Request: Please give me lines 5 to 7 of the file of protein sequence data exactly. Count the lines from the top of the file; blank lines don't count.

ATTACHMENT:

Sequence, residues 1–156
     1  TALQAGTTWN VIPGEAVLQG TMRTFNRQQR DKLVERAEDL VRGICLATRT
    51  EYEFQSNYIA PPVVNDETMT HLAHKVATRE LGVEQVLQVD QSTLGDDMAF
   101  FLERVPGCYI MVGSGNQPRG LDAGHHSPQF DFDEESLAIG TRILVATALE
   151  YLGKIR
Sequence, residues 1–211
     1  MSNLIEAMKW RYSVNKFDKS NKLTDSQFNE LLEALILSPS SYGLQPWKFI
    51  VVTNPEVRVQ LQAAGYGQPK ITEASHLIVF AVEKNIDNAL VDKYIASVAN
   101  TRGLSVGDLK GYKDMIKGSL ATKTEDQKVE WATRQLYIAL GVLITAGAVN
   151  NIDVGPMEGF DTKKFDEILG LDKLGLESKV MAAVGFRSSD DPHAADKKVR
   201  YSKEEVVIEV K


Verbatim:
   151  YLGKIR
Sequence, residues 1–211
     1  MSNLIEAMKW RYSVNKFDKS NKLTDSQFNE LLEALILSPS SYGLQPWKFI